The Liverpool board were clearly caught in two minds, eager to inject a splash of European flair without neglecting the valued tradition of appointing from within the Anfield âÂÂboot roomâÂÂ. Evansâ 33 years of service meant he was entwined into the very fabric of a club that hadnâÂÂt appointed an âÂÂoutsiderâ since 1959. They simply didnâÂÂt have the heart to sack him.
The seemingly incompatible duet lasted four uncomfortable months before Evans handed in his notice, with the Anfield side languishing in eighth place. Houllier beautifully illustrated the contrasting emotions at the time, stating; "The passion of this game is that it is traditional, it is orthodox. But at the same time you have to be adventurous; you have to do something that is more forward thinking.âÂÂ
Despite his stuttering start, Houllier eventually won over the fans and steered the Reds to a memorable treble of League, FA and UEFA Cups in 2000.
Verdict: Poor


1998-2000: Millwall
Theo Paphitis was eager to breathe life back into a Millwall side anxiously trying to claw their way out of Division Two. After a demoralising campaign under Billy Bonds, Paphitis opted for the sentimental appointment of Keith âÂÂRhinoâ Stevens and Alan âÂÂMaccaâ McLeary and tasked them with emulating the success they enjoyed at the Den during their playing days.
Stevens, was originally at the helm on his own with McLeary acting as his assistant and the duo marked their first season with a trip to Wembley. However, 47,000 fans failed to inspire the Lions to victory, watching in despair as they succumbed to a 1-0 defeat against Wigan in the legendary Auto-Windscreens Shield Final.
The following season saw McLeary elevated to âÂÂco-managerâ and the change helped inspire a promotion charge that saw the club finish fifth. Sadly, there was a whiff of déjà vu for Millwall, who failed to reach the playoff final after a 1-0 aggregate defeatâ¦to Wigan.
Sadly, it wasnâÂÂt a case of âÂÂthird time luckyâ for the unfortunate twosome, who were sacked in September following a dismal start to the 2000/01 season. Mark McGhee was bought in and had the club top by Christmas, sealing the title with a 5-0 trouncing of Oldham in May.
Verdict: Mediocre

2000-01: Middlesbrough
As the cracks began to appear across the hull of the good ship Boro, troubled helmsman Bryan Robson sent out a distress signal. Although the Riverside Stadium side were bottom of the Premier League as the season approached the halfway stage, this was a bizarre cry for help, especially as he requested the lifeboat be manned by Terry Venables.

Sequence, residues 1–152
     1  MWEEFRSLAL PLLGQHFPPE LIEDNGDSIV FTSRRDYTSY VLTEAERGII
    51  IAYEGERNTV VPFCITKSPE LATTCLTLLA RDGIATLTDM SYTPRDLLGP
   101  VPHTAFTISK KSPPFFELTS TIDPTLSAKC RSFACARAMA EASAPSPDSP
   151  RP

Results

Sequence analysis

Initially, âÂÂEl Telâ was thought to act merely as a personal assistant rather than a puppet master, a nightlight to help combat this ongoing nightmare. Yet, it became worryingly apparent that there wasnâÂÂt room in the dugout for both men, with Venables declaring, âÂÂI will pick the team and have major input into preparing for games.âÂÂ
Robson was shuffled into the shadows and placed in charge of a proposed âÂÂã20m transfer budgetâÂÂ. Was he the first inadvertent Director of Football in the English game? Regardless of the confusion, Middlesbrough avoided the drop with relative comfort, finishing the season in 14th place.
Verdict: Awkward success

2003-05: Partick Thistle
In spite of a recent history littered with co-manger cock-ups, Partick Thistle ignored the overwhelming evidence and appointed Gerry Britton and Derek Whyte.
However, this was a unique scenario, as both men were still on the playing roster at Firhill Park. Sadly, neither their exploits on the pitch or the touchline could prevent the Jags plummeting out of the Scottish Premier League. The pair were sacked as Thistle continued on their downward spiral, with the incoming Dick Campbell unable to prevent a second successive relegation.
Verdict: Abysmal

2012âÂÂpresent: Barnet
Edgar Davids may rival Ryan Giggs on the age front, but he shows no intention of hanging up his boots anytime soon. In October, he was appointed player, captain, co-manager and just about every other title Barnet had at their disposal, joining Mark Robson in the dugout.
Davidsâ debut was marked with an impressive 4-0 annihilation of Northampton, but although the 13 points accrued in the ten League Two matches since Davidsâ arrival are a vast improvement on the meager three they collected in the 11 beforehand, Barnet are still at the foot of the table.
Verdict: JuryâÂÂs out

2012-present: St Albans City
On Tuesday, the Evo-Stik League Southern side confirmed James Gray and Graham Golds as full-time joint-managers, after an impressive spell as joint-caretakers. 
Verdit: Jury's not even been selected yet

TheJanuary 2013 issue of FourFourTwogoes behind the scenes at Arsenal, speaking to the men that matter as they reveal their master plan for success at home and abroad, including Arsene Wenger, Ivan Gazidis, Thomas Vermaelen, Santi Cazorla, Kieran Gibbs, Ken Friar, OBE and Liam Brady. Former Manchester United and Chelsea midfielder Juan Veron also answers your questions, while we reveal our annual Top 100 Players in the World list and meet Grimsby Town's managerial double-act. Subscribe! (opens in new tab) or download it digitally (opens in new tab)